Cameras and security guards. I ignored both and took my camera in. I was threatened at several points, but still managed to squeeze off a few shots (already posted) without getting thrown out or hauled off to the pokey.
I'm from Birmingham Alabama, and my hosts (Bryan and Kristen), saw to it that my visit was memorable. "Memorable" is such a lucid term. I promise to keep OT, but I would be totally remiss in not telling them what they mean to me, and what they added to this experience.
We scoped out the theatre the day before, and explored every entrance. Bryan knew the theatre well, but I scouted out new cubby-holes (it didn't really matter... it was just fun). I was introduced to the Union Manager (Cal), the lighting board operator (Ellen), and a theatre technician (Greg Mazure (who is a Todd fan himself, and already posted a review). These theatre people work really hard (Cal, I think, made me recite that time and time again).
It came time for my friend Bryan to take care of family business. I was staying at the Campus Inn two blocks over (the tour bus was parked in front), and walked back over about 4:00 PM. The stage doors were closed by then, but someone was taking a break and I told her I was supposed to meet Cal. He came out and got me, and I was able to enjoy the entire sound-check from within the theatre.
The members of Ethel were obsessive over their sound, and how the strings mixed. They ran the mixing board manager through his tasks, and he seemed to enjoy it. Joe came onto the stage and pretty much ran through his set.
Then Todd came in. Neither he or I am a fool. He saw me sitting there (there was NO-ONE sitting in the seats). His rapport with Joe was just too much. They discussed songs they might do. Todd showed Joe the "fingers he didn't use" when he played piano (with Joe sitting at the bench).
The tossed around ideas about what would and wouldn't be played. They talked about learning new songs on the bus. They played everything that has been played on this tour, and then some.
Then it was time to leave, and go do whatever. We (Ed, Bryan, and Kris.... Kris had to wind up the dayschool she runs) got back in time to put our little explorations into practice, and got good photos with TR. He was so amenable, and for the first time recognized me (it's the Alabama thang, combined with Bryan hollering about Ed from Alabama).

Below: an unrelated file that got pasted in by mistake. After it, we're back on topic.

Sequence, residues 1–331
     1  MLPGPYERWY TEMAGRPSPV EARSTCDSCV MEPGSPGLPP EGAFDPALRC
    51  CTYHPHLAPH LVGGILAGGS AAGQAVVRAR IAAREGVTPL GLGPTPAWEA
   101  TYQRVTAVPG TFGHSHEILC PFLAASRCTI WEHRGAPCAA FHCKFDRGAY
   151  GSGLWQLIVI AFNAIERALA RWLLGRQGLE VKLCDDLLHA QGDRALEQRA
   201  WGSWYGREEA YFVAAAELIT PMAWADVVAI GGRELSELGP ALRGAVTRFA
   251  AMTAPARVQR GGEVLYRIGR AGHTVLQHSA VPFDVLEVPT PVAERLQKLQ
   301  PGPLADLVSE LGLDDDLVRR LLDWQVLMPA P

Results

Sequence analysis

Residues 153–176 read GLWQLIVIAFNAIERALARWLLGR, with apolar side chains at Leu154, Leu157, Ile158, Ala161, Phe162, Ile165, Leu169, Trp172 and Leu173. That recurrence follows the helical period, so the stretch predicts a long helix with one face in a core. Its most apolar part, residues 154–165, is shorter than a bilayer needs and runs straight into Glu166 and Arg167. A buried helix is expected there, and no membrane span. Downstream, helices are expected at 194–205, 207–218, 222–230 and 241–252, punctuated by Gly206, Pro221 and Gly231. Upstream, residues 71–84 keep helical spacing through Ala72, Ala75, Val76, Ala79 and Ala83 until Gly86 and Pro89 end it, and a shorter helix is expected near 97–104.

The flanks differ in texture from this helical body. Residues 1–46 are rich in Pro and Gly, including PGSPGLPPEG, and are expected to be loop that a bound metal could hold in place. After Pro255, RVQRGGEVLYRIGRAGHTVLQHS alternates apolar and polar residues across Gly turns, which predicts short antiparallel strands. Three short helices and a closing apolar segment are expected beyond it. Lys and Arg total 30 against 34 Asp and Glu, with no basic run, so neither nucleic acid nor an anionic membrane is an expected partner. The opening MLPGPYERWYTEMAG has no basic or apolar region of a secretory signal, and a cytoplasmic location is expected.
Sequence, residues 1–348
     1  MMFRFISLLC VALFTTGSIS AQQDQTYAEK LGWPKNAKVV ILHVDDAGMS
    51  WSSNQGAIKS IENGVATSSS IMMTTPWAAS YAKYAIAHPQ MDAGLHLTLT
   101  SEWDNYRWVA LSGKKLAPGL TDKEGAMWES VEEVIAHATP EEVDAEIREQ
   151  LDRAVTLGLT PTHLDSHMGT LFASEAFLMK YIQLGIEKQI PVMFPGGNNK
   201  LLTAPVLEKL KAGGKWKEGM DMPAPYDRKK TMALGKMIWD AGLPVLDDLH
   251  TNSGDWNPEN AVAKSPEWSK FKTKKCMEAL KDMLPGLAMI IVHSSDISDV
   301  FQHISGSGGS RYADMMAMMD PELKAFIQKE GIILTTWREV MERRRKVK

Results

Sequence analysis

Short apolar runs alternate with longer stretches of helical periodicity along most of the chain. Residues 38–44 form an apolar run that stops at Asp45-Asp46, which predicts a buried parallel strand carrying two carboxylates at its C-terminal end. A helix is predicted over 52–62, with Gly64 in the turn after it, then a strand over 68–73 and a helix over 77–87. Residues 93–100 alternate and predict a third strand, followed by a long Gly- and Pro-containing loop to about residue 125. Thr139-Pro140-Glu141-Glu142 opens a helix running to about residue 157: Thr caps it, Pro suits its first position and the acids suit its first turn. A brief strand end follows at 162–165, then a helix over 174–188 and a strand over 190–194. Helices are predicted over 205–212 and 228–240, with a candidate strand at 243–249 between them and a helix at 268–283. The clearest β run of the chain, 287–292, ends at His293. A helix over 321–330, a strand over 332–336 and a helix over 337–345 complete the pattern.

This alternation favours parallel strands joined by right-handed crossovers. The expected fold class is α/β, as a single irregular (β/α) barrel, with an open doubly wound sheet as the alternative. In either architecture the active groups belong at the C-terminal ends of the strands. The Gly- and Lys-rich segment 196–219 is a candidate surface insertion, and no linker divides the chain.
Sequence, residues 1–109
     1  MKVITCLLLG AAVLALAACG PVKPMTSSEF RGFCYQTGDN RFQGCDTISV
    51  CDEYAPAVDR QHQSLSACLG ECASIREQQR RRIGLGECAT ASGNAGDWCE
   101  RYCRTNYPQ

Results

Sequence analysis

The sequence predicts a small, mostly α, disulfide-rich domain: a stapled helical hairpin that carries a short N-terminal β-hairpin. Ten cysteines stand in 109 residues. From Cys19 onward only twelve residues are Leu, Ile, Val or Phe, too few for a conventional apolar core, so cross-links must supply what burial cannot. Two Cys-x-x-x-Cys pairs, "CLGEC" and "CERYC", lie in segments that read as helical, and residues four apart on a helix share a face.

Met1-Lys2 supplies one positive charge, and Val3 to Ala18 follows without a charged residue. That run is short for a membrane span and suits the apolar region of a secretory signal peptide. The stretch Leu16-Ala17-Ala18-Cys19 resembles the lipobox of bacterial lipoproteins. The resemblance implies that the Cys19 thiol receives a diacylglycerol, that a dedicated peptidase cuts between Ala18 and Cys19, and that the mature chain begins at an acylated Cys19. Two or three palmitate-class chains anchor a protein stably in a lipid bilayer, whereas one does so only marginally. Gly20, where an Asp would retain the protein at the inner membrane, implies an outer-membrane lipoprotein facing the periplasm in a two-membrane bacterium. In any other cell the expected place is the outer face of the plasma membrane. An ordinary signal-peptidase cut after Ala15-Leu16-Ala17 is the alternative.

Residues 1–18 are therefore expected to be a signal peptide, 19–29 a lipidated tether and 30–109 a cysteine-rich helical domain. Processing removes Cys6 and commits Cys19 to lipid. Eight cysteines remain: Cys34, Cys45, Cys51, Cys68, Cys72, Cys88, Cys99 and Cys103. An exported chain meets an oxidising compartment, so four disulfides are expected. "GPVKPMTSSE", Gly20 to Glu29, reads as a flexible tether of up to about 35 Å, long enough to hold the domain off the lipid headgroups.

This is the point where people should be writing about the music. I've seen Todd many times since 1973, and this concert should go down in history. He broke one string during one song and instantly picked up another guitar behind him. He didn't miss a beat. His overall stage balance and demeanor was pure Todd and professional. He had the audience in the palm of his hand.
But wait, Todd fans. After the show he came out back of the theatre (which has beautiful graffiti), and signed autographs and spoke to any and everyone without bounds. The lights would go on and off, and we all just kept going (Todd would step into a lit stairwell/entrance to see what he was writing). There were so many young people there, I asked Todd if he realized it. (Speaking of realization, you understand that this was "after" the show). I dragged out my Canon G1 and took pictures of the new Todd babies and got their E-mail addresses.
You just can't find any nicer people than at a Todd concert. I've got lots more that I could go on about, but Roger has bandwidth to worry about. My friends Bryan and Kris wrote down the Todd playlist.
* The Love of the Common Man * Cliché * Tiny Demons * I Saw the Light * I Don't Want to Bring You Down * Black and White * Can We Still Be Friends * Viking Song * Hello It's Me * Bang on the Drum (do I really have to type out what instrument he plays plays it on?) * Afterlife * Lysistrata * Pretending to Care (probably subsidized by the people that manufacture Kleenex or mine human salt water tears)
Bryan was very precise with his inventory. Neither the three of us cared much for Joe, although there was a Joe/Ethel encore, which I didn't care at all for.
The whole thing finally whooped up to do George Harrison's
* While My Guitar Gently Weeps (and, as someone else has noted, it's "my guitar," not My Ethel (although they slammed this song) * Black Maria (the final show of the evening... once again with Ethel playing Todd's leads)
Everyone was cool. Things could have done just as well without Joe Jackson. I was predisposed to that opinion. Todd and Ethel rocked. The four members of Ethel are musically literate and spoke with me, as did Todd.
This is as long as a review should go. There will be new ones coming in tonight. I find it easier to send in pictures.
Wait Another Year... Utopia is here.